On the bright side, the relationship between these countries can be termed as interdependent. Throughout their history, they have interacted on political, economic, and social bases. They have been engaged in each other affairs, and this probably explains why they always get together even after experiencing a fallout. As earlier mentioned, the countries signed the Treaty of Lombok, a security agreement which improved their official relations and helped in relatively repairing the damaged relationship between them. In 2016, the two countries through the representation of the Australian Trade Minister Steve Ciobo and his Indonesian counterpart Engarrtiasto Lukita engaged in talks concerning ongoing negotiations on free trade between the two countries. According to Ciobo, they had made substantial progress on the Australia Indonesia Comprehensive Economic Partnership Agreement which is scheduled to be concluded by the end of 2017. In 2015, trade between these countries was valued at approximately $15 billion. This deal is aimed at reviving trade relations and raising that number by exploiting the potentials available in these two countries. According to the Australia-Indonesia Business Council president Debnath Guharoy, the economic relationship between these two countries has room to expand.


Australia and Indonesia are neighboring countries which means their relationship is crucial. This, therefore, poses the need for the strains evidenced in the history of these countries to end and a solid foundation laid for the benefit of both countries. The volatility, fragility, and uncertainties built between them should be addressed and current leadership to implement policies that would see a strong relationship established in the present and for the future. The implementation of the Australia Indonesia Comprehensive Economic Partnership Agreement (IA – CEPA) together with the upholding or improvement of the Treaty of Lombok should be strongly guarded such that their importance helps in cementing the relationship between these two countries. Current leaders should also engage in talks concerning potential threats to cohesion presently and in the future and seek ways of solving them amicably. For example, in cases of asylum seekers, the war on terrorism, and the live cattle trade. It is only if these issues are solved that the threat of future fallouts will be eliminated and a lasting relationship will be established.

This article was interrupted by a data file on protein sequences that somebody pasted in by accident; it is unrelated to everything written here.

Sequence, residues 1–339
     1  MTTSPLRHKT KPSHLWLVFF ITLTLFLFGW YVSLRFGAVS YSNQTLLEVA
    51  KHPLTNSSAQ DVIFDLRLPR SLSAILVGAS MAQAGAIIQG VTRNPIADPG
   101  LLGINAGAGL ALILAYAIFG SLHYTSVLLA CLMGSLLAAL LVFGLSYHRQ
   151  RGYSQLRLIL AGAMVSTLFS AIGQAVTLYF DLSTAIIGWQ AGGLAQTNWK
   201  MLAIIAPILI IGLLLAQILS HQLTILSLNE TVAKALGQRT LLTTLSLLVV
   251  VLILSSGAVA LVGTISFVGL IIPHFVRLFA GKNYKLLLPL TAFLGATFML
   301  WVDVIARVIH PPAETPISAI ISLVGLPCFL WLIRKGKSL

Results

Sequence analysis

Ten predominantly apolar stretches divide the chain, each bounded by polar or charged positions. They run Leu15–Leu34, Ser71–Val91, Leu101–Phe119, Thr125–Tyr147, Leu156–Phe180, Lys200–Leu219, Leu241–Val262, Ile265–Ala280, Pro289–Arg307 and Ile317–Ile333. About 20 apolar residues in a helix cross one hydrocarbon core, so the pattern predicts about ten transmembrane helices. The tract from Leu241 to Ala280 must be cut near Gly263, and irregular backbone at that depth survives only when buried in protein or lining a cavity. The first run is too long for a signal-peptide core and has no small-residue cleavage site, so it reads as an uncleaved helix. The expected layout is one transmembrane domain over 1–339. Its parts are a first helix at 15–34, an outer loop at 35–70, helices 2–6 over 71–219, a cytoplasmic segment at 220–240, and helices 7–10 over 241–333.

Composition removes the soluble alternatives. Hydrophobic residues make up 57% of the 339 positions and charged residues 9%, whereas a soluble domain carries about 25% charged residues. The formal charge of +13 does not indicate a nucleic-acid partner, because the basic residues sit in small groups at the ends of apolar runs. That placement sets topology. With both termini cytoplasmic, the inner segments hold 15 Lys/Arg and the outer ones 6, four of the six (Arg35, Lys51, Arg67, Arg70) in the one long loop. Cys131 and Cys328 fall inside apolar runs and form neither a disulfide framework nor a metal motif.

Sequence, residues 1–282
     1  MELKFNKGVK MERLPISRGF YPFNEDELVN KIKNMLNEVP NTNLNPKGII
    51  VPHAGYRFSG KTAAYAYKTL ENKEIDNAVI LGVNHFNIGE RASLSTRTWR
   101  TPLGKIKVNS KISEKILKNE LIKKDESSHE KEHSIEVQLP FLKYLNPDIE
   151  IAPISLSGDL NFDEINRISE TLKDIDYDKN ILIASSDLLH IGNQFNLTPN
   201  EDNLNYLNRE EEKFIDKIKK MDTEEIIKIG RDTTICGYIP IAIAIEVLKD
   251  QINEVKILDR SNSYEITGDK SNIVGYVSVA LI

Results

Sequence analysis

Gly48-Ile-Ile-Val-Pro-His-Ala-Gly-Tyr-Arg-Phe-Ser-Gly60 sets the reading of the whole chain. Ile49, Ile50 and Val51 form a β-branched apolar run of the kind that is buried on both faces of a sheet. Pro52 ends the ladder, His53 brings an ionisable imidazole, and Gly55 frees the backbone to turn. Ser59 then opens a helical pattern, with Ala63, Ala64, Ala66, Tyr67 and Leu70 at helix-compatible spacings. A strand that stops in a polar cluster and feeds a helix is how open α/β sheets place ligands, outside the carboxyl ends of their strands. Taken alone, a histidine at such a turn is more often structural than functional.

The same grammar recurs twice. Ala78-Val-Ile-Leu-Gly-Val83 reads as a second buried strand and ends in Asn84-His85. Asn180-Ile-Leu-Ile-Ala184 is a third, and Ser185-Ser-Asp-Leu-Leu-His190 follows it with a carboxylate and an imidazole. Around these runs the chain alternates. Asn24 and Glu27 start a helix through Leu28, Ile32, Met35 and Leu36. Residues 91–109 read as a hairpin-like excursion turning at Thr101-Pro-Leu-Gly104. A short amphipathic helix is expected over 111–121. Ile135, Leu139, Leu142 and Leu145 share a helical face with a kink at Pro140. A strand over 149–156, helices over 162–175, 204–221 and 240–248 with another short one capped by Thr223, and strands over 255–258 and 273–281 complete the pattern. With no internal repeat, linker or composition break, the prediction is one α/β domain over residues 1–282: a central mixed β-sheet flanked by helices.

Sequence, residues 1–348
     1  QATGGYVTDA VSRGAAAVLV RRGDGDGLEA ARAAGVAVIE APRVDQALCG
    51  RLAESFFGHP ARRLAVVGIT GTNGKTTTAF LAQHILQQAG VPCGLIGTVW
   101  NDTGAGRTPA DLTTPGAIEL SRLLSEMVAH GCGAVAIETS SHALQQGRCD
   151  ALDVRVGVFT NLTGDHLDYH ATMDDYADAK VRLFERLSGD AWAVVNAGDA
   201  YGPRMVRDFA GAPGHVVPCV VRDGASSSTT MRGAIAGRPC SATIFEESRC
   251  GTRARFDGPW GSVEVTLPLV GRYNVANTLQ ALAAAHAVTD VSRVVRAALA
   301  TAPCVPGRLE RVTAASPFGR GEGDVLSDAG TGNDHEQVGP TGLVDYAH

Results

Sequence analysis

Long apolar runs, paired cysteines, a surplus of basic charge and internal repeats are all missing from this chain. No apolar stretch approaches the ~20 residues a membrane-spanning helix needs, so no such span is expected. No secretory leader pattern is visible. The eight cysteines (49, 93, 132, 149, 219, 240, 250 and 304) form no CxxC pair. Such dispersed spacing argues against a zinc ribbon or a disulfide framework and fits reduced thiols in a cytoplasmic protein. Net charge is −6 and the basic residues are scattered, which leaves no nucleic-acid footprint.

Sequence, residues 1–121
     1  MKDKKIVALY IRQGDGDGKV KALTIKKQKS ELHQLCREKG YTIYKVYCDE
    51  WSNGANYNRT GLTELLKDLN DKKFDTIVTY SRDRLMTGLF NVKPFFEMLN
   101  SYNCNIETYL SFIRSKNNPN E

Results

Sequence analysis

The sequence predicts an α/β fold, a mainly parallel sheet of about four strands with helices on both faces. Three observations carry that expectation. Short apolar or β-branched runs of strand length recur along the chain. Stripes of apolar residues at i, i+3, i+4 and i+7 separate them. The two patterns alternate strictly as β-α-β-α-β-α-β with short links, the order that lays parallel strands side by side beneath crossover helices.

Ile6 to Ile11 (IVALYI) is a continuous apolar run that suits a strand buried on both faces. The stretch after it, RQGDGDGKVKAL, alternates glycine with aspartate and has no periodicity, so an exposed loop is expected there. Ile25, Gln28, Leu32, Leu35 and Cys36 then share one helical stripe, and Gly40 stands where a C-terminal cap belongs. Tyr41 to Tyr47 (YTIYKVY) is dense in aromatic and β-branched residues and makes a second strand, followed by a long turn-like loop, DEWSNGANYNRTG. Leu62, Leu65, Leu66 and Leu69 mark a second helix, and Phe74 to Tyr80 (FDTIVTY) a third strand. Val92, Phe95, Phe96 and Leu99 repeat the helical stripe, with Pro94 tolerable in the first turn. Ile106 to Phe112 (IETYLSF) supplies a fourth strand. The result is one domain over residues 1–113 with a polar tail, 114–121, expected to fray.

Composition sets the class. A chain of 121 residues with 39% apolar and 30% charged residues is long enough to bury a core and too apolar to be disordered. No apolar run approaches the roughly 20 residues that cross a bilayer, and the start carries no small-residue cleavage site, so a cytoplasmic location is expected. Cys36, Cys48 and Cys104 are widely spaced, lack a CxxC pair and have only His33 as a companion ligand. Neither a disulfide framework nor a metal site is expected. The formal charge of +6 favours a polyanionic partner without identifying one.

In summary, the Australia-Indonesia relationship is one faced with several fluctuations of good and bad phases. This pattern traces way back into the time before Indonesia acquired independence to the present day. The relationship is characterized by volatility, fragility, uncertainty, and doubts. On the bright side, however, there exists an aspect of interdependence between the two countries which plays a critical role in connecting them back together even in times of crises. Amidst the shaky relationship, the two states have attempted to undertake some measures aimed at fostering a positive and stronger partnership in areas of economic empowerment through trade and foreign investments. Although it is difficult to predict the possible direction, this relationship would take, efforts from the leaders of these two countries would result in a stable relationship being established, presently and in future.

Works Cited

Mackie, Jamie. Australia and Indonesia: Current problems future prospects. Lowy Institute for International Policy, 2007.